Marriage of convenience stories are immensely popular with romance readers, this particular reader included. However, contemporary marriage of convenience tales can be problematic. There have to be good and sufficient reasons for the couple to enter into this kind of arrangement and such reasons are rare in todayís world. C.J. Carmichael has provided such a motive here, but even so, there remains a certain degree of improbability about the premise.
Kelly Shannon is an officer in the Royal Canadian Mounted Police. Two months before the story begins she had been forced to shoot Danny Mizzoni who had been threatening her sister Cathleen. While her colleagues had assured her that the shooting was justified, she has been temporarily suspended from her duties while the necessary investigation that follows any such killing takes place. She is having a hard time with the guilt she feels about taking the young manís life.
Kelly feels particularly bad for Dannyís two children, Billy age six and Amanda age three. Since her husbandís death, their mother Rachel has returned to heavy drinking and the kids are being neglected. Kelly knows, because she spends hours in front of their little house watching them.
Their uncle, Mick Mizzoni, is also concerned about Billy and Amanda. Danny was his younger half-brother. Their mother was the town loose woman, but while Mick found a mentor who helped him escape his dreadful beginnings. Danny did not escape. Mick is the editor of the local paper, respected by his neighbors but carrying a lot of baggage.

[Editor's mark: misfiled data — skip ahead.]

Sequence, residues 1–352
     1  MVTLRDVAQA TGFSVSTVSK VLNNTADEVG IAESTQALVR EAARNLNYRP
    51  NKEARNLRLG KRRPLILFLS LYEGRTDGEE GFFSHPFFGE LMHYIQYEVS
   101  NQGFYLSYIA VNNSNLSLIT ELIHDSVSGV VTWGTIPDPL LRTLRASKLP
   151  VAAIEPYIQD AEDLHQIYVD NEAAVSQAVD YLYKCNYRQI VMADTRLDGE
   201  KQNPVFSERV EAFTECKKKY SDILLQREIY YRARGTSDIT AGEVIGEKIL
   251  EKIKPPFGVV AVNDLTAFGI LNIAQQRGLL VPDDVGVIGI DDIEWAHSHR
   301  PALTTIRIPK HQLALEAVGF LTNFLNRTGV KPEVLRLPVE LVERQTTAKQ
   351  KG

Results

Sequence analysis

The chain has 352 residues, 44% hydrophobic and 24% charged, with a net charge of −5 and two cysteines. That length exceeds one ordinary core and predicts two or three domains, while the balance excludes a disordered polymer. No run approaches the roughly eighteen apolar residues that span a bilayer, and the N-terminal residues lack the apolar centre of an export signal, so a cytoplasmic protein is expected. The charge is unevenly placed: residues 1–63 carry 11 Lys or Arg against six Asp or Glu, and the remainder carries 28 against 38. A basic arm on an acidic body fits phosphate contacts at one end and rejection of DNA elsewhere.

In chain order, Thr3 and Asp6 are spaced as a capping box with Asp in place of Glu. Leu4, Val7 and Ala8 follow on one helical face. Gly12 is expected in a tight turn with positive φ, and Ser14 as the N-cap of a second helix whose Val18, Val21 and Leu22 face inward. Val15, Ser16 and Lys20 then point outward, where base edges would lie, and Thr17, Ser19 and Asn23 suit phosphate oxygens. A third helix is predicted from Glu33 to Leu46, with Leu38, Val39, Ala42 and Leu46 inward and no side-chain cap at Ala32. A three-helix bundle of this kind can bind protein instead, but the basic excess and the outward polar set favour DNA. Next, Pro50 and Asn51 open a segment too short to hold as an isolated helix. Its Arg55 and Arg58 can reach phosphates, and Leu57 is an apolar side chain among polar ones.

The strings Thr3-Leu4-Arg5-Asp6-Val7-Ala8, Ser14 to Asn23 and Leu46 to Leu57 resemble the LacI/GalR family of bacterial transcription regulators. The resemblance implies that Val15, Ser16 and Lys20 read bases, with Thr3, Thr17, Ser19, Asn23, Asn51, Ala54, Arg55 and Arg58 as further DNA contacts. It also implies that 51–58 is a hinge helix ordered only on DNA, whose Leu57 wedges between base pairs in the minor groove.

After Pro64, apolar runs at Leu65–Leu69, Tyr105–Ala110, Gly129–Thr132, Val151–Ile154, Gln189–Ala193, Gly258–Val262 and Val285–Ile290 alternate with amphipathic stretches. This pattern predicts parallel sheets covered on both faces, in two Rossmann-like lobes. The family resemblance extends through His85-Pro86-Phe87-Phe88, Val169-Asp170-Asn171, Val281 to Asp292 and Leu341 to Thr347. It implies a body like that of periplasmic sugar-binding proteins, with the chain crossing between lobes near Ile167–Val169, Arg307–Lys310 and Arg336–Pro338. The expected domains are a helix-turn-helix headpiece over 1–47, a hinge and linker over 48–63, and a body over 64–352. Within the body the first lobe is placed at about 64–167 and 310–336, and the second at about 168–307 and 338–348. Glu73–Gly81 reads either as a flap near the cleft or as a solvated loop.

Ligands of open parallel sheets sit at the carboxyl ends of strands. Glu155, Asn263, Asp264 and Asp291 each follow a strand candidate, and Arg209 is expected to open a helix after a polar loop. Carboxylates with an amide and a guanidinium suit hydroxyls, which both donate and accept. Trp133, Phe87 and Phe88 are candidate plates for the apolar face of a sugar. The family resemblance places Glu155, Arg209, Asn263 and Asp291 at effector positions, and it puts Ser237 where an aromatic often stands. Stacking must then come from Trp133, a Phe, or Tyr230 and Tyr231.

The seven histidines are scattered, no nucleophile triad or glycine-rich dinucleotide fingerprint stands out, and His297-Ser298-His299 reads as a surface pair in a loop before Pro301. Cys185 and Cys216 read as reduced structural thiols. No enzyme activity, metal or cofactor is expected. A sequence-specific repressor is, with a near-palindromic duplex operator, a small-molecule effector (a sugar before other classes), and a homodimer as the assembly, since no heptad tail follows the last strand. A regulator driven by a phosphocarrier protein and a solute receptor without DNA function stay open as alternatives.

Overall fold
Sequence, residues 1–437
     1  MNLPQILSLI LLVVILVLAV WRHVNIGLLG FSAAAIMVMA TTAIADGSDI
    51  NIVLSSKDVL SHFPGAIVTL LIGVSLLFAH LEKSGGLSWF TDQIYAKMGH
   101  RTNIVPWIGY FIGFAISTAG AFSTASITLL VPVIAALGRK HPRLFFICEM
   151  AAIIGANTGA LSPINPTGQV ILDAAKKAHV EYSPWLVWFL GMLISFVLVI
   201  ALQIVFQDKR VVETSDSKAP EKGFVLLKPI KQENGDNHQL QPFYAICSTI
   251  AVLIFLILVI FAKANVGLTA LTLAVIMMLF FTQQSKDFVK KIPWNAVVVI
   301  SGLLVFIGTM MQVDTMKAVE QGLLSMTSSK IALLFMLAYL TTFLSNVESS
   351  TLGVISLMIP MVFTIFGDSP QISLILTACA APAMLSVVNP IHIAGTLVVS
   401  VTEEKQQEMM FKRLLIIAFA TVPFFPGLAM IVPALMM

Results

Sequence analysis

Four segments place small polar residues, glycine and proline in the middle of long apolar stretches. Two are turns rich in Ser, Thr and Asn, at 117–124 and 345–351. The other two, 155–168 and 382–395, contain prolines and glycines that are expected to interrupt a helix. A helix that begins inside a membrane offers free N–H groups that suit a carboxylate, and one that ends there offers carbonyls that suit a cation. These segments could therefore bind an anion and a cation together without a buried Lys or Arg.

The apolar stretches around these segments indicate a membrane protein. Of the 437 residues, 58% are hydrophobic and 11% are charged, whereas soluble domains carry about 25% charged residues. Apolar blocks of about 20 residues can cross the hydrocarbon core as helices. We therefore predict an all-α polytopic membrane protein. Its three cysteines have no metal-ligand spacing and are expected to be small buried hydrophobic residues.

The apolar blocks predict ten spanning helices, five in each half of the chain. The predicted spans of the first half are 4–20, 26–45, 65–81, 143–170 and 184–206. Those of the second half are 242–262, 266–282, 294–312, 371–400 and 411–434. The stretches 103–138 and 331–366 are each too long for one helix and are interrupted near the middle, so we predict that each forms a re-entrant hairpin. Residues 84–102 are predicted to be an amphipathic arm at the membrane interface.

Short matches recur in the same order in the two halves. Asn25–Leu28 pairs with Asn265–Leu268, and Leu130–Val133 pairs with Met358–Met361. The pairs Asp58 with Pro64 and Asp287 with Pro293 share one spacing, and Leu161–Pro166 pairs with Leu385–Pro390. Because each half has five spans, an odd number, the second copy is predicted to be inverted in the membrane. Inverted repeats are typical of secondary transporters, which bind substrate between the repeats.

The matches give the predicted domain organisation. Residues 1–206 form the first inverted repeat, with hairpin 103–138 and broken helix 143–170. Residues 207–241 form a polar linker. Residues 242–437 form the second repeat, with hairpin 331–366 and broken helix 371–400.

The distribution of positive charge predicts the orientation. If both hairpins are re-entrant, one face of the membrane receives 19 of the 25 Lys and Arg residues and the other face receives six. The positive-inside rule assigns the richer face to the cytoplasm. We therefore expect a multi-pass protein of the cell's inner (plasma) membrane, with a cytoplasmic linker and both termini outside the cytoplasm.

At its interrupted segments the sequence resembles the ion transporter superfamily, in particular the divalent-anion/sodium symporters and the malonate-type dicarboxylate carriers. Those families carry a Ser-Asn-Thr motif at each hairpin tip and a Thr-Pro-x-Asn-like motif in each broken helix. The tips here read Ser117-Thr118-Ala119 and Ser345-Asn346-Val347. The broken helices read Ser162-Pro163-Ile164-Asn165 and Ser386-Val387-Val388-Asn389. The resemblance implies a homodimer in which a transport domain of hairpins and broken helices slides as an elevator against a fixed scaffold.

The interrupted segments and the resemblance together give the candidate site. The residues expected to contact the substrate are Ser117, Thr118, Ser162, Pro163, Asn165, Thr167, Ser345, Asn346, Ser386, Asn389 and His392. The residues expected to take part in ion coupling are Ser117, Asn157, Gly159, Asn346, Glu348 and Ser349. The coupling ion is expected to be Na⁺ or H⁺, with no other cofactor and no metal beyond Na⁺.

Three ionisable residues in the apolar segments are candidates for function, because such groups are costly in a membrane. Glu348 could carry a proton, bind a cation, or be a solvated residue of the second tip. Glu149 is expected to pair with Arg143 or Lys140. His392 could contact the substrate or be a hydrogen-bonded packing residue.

As a bachelor, Mick feels he canít care for his niece and nephew so he begins a courtship of the local kindergarten teacher. Then Kelly comes to him with a surprising proposition, that they marry and provide a stable home for the orphaned children. A desperate Mick accepts the deal.
The rest of the story is a nicely done ďfalling in love after the factĒ tale complicated by the problems with the childrenís mother who tries to regain custody but canít get her life back on track. If the difficulties are overcome a little too patly, well itís nice to think
that some mistreated kids have a happy ending.
The hero and heroine are well done. Kellyís distress in the wake of killing a man and her desire to at least protect his children rings true. Mickís own insecurities are not overdone but completely understandable. These are nice people trying to do the right thing.
A Convenient Proposal is the second in a three book series about nefarious doings in the small town of Canmore near Calgary and Lake Louise in Canada. The three Shannon sisters are the heroines of the series. Not having read the first book, I can say that Carmichael does a decent job of bringing the uninitiated reader up to speed. I was
interested enough to search out the first installment and expect to look for the finale.
One of the strengths of Carmichaelís books is her recreation of small town Canada, a country both similar to and different from the United States. She also creates likable characters who face real dilemmas. What keeps me from recommending A Convenient Proposal are the niggling doubts I have about the premise. I guess I find it hard to accept that Mick would have so readily married the woman who killed his brother, however justifiable the act may have been. These doubts kept interfering with my enjoyment of the story. Still, when all is said and done, A Convenient Proposal is a very acceptable category romance.